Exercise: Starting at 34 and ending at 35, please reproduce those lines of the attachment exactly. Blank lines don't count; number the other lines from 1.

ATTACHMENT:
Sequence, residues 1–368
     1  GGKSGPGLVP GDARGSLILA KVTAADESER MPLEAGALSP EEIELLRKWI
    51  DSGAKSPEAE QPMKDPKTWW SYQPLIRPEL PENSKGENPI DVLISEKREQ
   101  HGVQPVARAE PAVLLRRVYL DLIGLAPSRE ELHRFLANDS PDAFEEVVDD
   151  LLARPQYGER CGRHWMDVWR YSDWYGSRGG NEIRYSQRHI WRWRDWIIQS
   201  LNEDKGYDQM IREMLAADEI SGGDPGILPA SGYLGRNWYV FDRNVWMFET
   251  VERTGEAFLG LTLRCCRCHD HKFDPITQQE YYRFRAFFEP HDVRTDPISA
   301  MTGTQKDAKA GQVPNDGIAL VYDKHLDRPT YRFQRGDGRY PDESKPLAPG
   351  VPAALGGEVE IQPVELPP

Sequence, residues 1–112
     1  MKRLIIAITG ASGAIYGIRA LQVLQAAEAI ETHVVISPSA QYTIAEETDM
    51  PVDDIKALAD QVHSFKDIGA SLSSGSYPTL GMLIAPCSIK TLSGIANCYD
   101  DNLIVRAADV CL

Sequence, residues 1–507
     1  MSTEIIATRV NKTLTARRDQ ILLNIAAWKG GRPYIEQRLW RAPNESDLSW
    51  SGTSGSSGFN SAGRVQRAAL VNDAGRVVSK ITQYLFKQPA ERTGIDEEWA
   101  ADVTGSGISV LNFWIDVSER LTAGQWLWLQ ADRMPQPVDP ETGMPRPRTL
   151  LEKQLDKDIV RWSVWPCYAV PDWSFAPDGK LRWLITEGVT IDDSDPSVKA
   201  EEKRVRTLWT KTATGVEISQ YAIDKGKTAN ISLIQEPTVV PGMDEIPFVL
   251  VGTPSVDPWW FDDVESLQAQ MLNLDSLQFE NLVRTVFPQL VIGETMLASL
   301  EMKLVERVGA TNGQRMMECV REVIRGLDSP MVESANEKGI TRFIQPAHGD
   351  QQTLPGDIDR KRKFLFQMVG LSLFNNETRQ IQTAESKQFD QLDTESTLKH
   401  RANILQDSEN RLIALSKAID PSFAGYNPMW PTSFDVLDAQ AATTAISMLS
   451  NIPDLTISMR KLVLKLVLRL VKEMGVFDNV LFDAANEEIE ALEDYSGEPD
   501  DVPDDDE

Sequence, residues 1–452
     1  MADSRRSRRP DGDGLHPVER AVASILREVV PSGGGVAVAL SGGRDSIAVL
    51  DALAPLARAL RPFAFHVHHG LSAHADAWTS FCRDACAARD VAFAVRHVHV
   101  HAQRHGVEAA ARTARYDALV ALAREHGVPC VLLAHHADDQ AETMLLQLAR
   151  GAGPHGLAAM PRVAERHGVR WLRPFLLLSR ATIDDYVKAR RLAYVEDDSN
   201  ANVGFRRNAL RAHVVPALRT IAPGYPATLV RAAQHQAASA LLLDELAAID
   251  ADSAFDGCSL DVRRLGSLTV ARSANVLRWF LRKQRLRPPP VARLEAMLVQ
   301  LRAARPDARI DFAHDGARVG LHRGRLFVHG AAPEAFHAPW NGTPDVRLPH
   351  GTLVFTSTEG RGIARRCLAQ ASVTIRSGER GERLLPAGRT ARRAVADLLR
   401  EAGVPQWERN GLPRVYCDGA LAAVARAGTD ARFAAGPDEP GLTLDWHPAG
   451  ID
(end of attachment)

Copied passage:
   351  GTLVFTSTEG RGIARRCLAQ ASVTIRSGER GERLLPAGRT ARRAVADLLR
   401  EAGVPQWERN GLPRVYCDGA LAAVARAGTD ARFAAGPDEP GLTLDWHPAG